… the greatest good we can do our country is to heal it’s party divisions & make them one people. I do not speak of their [Federalist] leaders who are incurables, but of the honest & well-intentioned body of the people. I consider the pure federalist as a republican who would prefer a somewhat stronger executive; & the republican as one more willing to trust the legislature as a broader representation of the people, & a safer deposit of power for many reasons. but both sects are republican, entitled to the confidence of their fellow citizens …
Source: To John Dickinson, July 23, 1801
Patrick Lee’s Explanation
Unifying leaders look for common ground with their opponents.
Jefferson wrote to Dickinson (of Pennsylvania and Delaware, 1732-1808), a life-long friend and ally, about the division within the republicans in Delaware. The President was trying bridge the divide between the two major political camps. He didn’t want his own people squabbling among themselves.
In trying to bridge the political divide, Jefferson maintained there was not a great distance between the republicans and the vast majority of “pure federalist[s]”. He cast them all as republicans, devoted to the principles of 1776, but making this distinction:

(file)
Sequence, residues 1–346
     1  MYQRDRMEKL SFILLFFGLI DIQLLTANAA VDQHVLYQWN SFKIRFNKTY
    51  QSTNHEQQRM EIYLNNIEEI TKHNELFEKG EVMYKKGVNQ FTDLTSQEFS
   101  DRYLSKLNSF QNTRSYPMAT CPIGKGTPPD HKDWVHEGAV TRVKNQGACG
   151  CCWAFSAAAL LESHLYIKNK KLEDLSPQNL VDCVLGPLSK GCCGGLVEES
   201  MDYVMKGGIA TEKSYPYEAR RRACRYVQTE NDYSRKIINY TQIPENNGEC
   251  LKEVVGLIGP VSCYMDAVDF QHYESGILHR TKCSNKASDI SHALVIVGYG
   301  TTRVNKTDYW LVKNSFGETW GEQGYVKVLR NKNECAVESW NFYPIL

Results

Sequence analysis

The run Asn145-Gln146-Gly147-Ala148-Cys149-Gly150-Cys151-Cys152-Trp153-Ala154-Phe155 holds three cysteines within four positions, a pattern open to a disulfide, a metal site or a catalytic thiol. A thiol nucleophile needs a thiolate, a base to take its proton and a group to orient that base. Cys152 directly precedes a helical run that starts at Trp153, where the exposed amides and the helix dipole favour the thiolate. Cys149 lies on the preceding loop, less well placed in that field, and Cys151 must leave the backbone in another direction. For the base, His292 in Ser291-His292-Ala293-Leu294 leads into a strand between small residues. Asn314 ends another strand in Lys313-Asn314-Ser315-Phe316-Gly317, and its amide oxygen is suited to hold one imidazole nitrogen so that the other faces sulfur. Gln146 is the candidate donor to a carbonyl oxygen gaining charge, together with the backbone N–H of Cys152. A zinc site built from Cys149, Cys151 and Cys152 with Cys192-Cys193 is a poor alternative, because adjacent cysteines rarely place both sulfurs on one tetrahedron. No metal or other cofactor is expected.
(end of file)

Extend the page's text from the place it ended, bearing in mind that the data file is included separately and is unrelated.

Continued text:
– republicans gave more authority to the legislature, the peoples’ representatives.
– federalists preferred more authority in a “somewhat stronger executive” (President).
Most of Jefferson’s letters began with just the recipient’s name, and then he began writing. Sometimes, he added a “Dear Sir.” As a measure of his opinion of Dickinson, this letter opened with, “My Dear & Respected Friend.”
“Thanks for your enlightening presentation … for the Leadership Academy.”
Missouri Department of Elementary and Secondary Education
Mr. Jefferson will enlighten (and entertain!) your audience.
Invite him to speak. Call 573-657-2739
Originally posted at http://ThomasJeffersonLeadership.com
The Moral Liberal Thomas Jefferson Editor, Patrick Lee, is a professional speaker, actor and writer. Since 1990, he has inspired, entertained and educated audiences from Maine to Hawaii with his authentic, first person leadership presentations as President Thomas Jefferson, Frontiersman Daniel Boone, and Lewis & Clark Co-Leader William Clark. He also appears as himself, The Hopeful Humorist™, with a program of motivational humor, patriotism and inspiration.